German Institute of Food Technologies: “We Are Able to Cover Every Area in the Field of Food Technology”

Dr. Volker Heinz, head of the German Institute of Food Technologies (DIL)
© Jörg Sarbach

Before a product can enter the market there is a long waiting period – especially with foods which require the usage of processing techniques like some vegan products. This period is where the German Institute of Food Technologies operates. Under the management of Dr.-Ing. Volker Heinz a team of experts throughout several laboratories help innovative products to come to life. Reason enough for us to have an interview with him about the interesting field of vegan food research and technology.

How long has the DIL already been working on the development of plant-based vegan products?
The development first began at the DIL some 30 years ago. At the DIL, the research concept is pivotal: in respect of research, the DIL takes a procedural and material science related approach. Rather than concentrating on the differences between plant and animal products, our focus is on the structure and functionality of the raw material in question.

How are you able to support companies in the development of plant-based products?
The DIL applies a range of different approaches to support companies in their development of plant- based products. The production process itself offers a great many opportunities for support and optimisation. Another important area is sensor technology. Of course, aside from actual production, food safety and organoleptic properties play a very important role. And by having a number of accredited laboratories, the DIL is very well set up in these areas.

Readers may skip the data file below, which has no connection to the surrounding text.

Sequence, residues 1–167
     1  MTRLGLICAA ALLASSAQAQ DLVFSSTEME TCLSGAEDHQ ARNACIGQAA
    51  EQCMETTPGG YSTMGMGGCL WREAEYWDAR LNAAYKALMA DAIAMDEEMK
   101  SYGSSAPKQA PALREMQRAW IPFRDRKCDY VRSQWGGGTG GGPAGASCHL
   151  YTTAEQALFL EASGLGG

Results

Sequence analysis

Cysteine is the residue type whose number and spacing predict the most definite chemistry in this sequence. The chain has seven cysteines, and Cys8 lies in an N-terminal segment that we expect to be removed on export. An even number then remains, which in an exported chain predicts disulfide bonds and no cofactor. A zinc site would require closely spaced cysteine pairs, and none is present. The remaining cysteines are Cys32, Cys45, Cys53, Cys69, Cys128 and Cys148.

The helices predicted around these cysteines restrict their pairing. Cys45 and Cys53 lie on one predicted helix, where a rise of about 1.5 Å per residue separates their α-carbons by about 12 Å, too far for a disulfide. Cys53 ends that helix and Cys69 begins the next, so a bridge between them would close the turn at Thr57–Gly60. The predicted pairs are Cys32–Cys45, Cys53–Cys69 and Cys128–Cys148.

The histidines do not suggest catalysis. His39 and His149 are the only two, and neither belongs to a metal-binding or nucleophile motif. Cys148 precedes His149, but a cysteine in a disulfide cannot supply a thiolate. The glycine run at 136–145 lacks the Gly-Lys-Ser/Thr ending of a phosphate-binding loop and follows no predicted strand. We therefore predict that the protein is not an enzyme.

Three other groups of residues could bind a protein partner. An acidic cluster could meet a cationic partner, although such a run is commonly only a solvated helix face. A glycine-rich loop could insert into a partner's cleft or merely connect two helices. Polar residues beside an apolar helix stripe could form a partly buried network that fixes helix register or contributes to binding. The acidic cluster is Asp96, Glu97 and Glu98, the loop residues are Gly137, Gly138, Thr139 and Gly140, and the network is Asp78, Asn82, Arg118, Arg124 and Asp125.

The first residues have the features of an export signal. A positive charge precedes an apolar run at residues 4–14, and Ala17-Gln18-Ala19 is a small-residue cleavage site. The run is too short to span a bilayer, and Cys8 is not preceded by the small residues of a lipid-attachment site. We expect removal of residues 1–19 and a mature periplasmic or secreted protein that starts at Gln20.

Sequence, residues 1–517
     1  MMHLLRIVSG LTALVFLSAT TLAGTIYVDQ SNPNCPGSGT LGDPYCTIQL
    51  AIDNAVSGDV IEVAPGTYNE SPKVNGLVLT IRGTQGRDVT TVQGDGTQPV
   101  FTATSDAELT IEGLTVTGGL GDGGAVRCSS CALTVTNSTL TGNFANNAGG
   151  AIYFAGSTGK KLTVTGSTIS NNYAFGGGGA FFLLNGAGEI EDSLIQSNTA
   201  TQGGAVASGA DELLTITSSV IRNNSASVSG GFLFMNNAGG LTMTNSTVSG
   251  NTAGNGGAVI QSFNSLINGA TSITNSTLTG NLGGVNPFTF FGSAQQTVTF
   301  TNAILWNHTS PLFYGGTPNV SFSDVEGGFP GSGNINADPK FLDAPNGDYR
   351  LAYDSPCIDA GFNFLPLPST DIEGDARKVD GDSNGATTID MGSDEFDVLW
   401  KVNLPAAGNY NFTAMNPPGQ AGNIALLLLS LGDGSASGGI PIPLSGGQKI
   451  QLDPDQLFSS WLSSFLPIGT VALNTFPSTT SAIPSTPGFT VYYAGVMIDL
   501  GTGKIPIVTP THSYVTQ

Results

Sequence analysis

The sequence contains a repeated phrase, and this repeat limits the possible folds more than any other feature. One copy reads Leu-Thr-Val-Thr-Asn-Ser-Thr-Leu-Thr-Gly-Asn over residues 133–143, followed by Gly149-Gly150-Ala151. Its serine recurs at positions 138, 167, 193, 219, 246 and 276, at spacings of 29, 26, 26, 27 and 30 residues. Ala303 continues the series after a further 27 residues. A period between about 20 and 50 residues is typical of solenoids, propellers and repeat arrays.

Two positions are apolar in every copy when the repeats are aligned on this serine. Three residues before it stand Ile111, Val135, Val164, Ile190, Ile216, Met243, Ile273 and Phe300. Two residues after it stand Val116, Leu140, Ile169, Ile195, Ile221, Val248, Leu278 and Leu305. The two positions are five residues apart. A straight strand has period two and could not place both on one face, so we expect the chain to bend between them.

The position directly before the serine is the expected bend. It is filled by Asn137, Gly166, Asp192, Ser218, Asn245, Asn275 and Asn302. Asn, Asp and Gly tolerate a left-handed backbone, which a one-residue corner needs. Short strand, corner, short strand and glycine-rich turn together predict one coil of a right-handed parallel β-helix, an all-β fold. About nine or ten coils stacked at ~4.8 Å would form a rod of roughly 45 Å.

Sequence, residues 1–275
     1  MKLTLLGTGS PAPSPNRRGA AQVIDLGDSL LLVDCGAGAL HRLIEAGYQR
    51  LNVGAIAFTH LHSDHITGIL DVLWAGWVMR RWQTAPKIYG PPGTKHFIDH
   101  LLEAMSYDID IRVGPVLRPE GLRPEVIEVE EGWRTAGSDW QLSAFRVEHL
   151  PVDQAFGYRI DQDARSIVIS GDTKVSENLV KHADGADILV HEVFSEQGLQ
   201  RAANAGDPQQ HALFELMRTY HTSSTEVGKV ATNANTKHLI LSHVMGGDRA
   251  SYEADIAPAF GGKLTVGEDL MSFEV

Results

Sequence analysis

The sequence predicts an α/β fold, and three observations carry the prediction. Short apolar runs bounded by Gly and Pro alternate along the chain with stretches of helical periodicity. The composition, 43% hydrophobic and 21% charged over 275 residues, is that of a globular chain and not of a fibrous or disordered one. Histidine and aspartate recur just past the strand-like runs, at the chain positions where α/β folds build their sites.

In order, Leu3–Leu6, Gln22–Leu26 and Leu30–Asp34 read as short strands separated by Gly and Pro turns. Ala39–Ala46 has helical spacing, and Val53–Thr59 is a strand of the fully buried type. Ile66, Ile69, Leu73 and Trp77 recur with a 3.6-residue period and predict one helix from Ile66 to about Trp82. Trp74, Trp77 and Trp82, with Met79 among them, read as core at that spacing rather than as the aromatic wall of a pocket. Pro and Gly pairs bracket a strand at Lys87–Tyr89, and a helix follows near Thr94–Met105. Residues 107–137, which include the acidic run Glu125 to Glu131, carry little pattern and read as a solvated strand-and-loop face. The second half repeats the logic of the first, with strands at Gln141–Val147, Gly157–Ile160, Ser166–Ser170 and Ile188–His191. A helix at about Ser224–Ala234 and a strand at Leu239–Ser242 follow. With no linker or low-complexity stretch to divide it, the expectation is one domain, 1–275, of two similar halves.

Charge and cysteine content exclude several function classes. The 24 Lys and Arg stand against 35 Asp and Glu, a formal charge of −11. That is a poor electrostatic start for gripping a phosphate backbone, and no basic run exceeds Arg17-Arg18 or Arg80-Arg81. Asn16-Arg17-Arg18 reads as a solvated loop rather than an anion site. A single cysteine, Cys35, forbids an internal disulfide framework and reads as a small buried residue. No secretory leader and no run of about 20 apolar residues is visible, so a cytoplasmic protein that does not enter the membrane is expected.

A further entry point is the manufacturing process, where the entire chain from the procurement of raw materials to the logistics of the finished product must be considered. Apart from the safety aspects, optimisation of the process, the creation of an attractive structure and functionality of the final product and, of course, sustainability are also important. The DIL is one of the few research establishments that are able to carry out life-cycle analyses on products, processes and infrastructures for the foodstuffs industry in accordance with standardised procedures.

What kinds of specialists do you have working on these developments in-house?
We have expert teams made up of food technicians, engineers, chemists, biologists, technologists, quality management experts, ecotrophologists, data scientists and many other professionals. Thanks to that very broad deployment, we are able to cover every area in the field of food technology.

Where exactly in the food technology field do your customers come from?
Ultimately, from the whole spectrum of food producing companies, from representatives of the consumer and also from companies manufacturing meat products. But we also have representatives of companies supplying engineering plans and machinery, as well as from those producing ingredients.

What sort of customers come to you – are they generally corporations or are there also start-ups?
Globally-positioned enterprises actually play a significant role in our cooperative ventures. But our customer base also includes small- and medium-sized businesses based in the region, as well as a range of start-ups. With these, we see it as our duty to make our competence and know-how available not only to regional companies, but also to the many start-ups in the foodstuffs sector.

Why is “clean meat” less sustainable than plant-based meat products?